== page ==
Microsoft clearly had Apple’s MacBook and MacBook Pro in its sights when it designed its radical Surface Book. But was it marketing hype or was Microsoft really laying down legitimate smack when it said the Surface Book offers “twice” the performance of a comparable Mac?
It very much depends on the hardware that’s inside the Surface Book. There’s not much public information on the exact parts inside the Surface Book—but we do know what Microsoft is claiming.
Let’s play hardware detective
”By adding the discrete GPU, two extra processors, it fundamentally makes Surface Book two times faster than the MacBook Pro,” said Microsoft VP Panos Panay during Tuesday’s unveiling.
What Panay meant by the “two extra processors” statement isn’t totally clear, but I would interpret that to mean Surface Book has a quad-core chip.
All of Apple’s MacBooks are dual-core Broadwell-based CPUs with integrated graphics. Moving up to the MacBook Pro doesn’t change much either. The Pro still has a dual-core Broadwell CPU with Intel integrated HD 6100 graphics. Apple also oddly limits these MacBook Pros to Core i5 chips (with slower graphics chips) in it's ready to buy, but does offer the Core i7 as an option with faster integrated graphics.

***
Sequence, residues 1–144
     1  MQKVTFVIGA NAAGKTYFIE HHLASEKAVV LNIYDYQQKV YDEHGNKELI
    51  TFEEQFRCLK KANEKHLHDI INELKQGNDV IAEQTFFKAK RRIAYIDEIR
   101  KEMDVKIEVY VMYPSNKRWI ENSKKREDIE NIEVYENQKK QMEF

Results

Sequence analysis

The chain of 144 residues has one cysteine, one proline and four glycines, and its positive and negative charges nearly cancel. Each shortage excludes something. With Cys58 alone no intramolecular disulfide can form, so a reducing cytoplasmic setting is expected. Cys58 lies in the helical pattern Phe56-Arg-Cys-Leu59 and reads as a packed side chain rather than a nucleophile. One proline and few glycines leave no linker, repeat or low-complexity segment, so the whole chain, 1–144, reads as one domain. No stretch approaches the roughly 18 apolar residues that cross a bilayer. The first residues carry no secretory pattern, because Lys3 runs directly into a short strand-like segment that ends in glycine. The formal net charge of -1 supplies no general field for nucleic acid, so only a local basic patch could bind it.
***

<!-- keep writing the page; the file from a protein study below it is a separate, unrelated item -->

Even more maddening, the Microsoft store for ordering the Surface Book doesn’t provide any clarity on silicon features (it’s a very Apple-like move). The spec pages—which should indicate which CPU you’re getting—doesn’t reveal anything. All you can divine is that you’re getting a 6th-gen Intel Skylake CPU in either Core i5 or Core i7 trim.
There are still a few details I can suss out of the Surface Book, though. The lowest-end version will feature a Skylake Core i5 chip with Intel 520 graphics. That means the bottom-end Surface Book is likely going to have one of two CPUs inside: A Core i5-6200U or a Core i5-6300U, as those are the only two chips with that graphics core.
This also tells me that Microsoft’s claims of the Surface Book walloping the MacBook Pro likely aren’t based on the lowest-end Surface Book unit.
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